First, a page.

Turkish government moves to amend criticized military code
ANKARA - Hürriyet Daily News
In this file photo, Chief of Gen. Staff Necdet Özel (C) visits a military school in Bursa. The government is preparing to amend a controversial article of the Internal Service Code of the Turkish Armed Forces (TSK). DHA photoThe government has finally taken a concrete step toward the amendment of an article considered as providing legal justification for military coups d’état.
Although having taken important strides in normalizing civilian-military relations particularly via EU-inspired reforms since coming to power in 2002, the ruling Justice and Development Party (AKP) has so far shied away from taking any concrete step for amending the Article 35 of the Internal Service Code of the Turkish Armed Forces (TSK), despite the opposition’s willingness.
The bill introduced to Parliament yesterday, which includes other notable revisions, is expected to return to the agenda following the upcoming summer recess.
“The duty of the Armed Forces is to protect and safeguard the Turkish homeland and the Turkish Republic as stipulated by the Constitution,” the infamous Article 35 currently states.
Yet with the newly introduced draft bill, this will be replaced by: “The duty of the Armed Forces is to protect the Turkish homeland against threats and dangers to come from abroad, to ensure the preservation and strengthening of military power in a manner that will provide deterrence, to fulfill the duties abroad with the decision of the Parliament and help maintain international peace,” putting great emphasis on threats from outside.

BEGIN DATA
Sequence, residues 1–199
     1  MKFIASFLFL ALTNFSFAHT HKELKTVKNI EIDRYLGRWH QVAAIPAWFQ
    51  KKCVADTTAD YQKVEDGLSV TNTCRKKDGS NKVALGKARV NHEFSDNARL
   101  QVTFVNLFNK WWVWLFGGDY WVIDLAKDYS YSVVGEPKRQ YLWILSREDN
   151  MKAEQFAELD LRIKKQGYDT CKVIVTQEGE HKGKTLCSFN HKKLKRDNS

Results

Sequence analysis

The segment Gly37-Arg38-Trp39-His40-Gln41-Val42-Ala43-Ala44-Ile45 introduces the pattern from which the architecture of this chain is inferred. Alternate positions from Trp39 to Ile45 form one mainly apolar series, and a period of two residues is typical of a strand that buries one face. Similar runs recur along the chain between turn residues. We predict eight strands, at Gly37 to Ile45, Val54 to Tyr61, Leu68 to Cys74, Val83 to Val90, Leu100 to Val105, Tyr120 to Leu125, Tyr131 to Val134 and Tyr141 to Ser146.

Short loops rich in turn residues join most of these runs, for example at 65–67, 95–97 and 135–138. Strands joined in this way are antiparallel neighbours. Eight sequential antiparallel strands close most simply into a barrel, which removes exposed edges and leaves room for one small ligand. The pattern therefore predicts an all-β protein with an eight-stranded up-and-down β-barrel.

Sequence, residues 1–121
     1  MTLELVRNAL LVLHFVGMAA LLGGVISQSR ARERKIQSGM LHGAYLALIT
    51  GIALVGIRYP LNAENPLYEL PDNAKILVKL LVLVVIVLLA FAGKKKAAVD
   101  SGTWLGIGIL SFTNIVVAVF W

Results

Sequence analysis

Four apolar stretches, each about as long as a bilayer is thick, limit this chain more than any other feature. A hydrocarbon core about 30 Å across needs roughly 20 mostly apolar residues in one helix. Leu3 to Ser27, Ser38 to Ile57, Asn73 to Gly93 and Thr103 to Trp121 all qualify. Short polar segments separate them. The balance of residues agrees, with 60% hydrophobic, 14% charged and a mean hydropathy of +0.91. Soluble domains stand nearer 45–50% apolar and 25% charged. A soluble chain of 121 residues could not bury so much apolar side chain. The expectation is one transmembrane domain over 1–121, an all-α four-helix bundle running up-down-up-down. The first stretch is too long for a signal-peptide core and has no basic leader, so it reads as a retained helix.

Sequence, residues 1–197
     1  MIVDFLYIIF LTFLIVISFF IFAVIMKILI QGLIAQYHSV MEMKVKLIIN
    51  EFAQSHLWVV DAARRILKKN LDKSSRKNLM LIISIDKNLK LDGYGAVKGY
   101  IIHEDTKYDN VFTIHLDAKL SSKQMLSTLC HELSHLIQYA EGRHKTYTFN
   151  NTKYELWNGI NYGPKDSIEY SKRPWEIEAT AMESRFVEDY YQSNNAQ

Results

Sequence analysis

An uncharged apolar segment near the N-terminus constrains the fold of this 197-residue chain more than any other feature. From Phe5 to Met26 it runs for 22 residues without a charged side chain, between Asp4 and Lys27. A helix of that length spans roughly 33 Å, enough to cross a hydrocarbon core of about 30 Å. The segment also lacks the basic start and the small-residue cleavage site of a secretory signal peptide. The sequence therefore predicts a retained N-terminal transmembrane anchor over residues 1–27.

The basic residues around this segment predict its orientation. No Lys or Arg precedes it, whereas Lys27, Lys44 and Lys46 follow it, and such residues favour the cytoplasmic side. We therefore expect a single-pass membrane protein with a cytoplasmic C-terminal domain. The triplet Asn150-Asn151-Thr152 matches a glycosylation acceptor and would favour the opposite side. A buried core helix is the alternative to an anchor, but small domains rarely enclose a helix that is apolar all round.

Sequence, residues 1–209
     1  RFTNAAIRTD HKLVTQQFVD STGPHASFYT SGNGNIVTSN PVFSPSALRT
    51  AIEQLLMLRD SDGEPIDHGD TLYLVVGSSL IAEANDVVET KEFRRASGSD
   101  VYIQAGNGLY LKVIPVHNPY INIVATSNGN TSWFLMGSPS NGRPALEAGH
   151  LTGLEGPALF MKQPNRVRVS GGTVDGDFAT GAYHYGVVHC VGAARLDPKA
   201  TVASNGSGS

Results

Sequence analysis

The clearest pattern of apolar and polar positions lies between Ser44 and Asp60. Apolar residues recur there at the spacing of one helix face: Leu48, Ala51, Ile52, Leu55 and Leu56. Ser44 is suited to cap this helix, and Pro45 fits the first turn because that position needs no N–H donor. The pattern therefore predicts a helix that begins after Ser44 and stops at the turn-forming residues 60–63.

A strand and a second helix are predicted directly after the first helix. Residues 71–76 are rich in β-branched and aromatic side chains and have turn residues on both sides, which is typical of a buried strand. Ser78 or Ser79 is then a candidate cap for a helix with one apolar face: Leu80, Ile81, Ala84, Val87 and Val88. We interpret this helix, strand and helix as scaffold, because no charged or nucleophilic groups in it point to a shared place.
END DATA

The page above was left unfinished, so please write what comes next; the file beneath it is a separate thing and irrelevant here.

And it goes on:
The current Article 2 of the code is also to be altered in a way to limit its extent. The article at the moment reads; “Military service is liable to learn and conduct the art of war to protect the Turkish homeland, independence and Republic. This liability is executed with private laws.” Under the proposed bill, this will be replaced with “Military service is liable to learn and conduct the art of war.”
The article framing the army’s involvement in politics was also revised. The Article 43 of the current code states “Turkish Armed Forces are superior to, and on the outside of, all sorts of political effects and ideas. Therefore, the members of the Armed Forces are forbidden to enter political parties and association, to be involved with the political activities of these, to meddle with all sorts of political demonstration and meetings and deliver speeches and statements and write on them with this purpose.” In the draft, this section is intended to be changed into “The members of the Turkish Armed Forces cannot be involved in political activities.”
BDP: Important but not sufficient by itself
While Deputy Prime Minister Bekir Bozdağ, for his part, particularly underlined yesterday that revoking the said article was out of question, Parliament Speaker Cemil Çiçek voiced his personal pleasure over the government’s move as he indicated that the current article was not in line with democratic standards.
“If such a proposal comes from the government, I guess the Parliament will also respond positively. I personally find it positive too,” Çiçek said. “Now, it has nothing to be discussed. It should become law at once,” he said.
The Peace and Democracy Party’s (BDP) deputy parliamentary group chair, İdris Baluken, called the move “an important step.”
A roadmap presented recently by the BDP outlined such amendments, Baluken said, adding, “But we don’t consider this as a sufficient step by itself. This step is meaningful. However, we believe that it should definitely be supported by other steps.”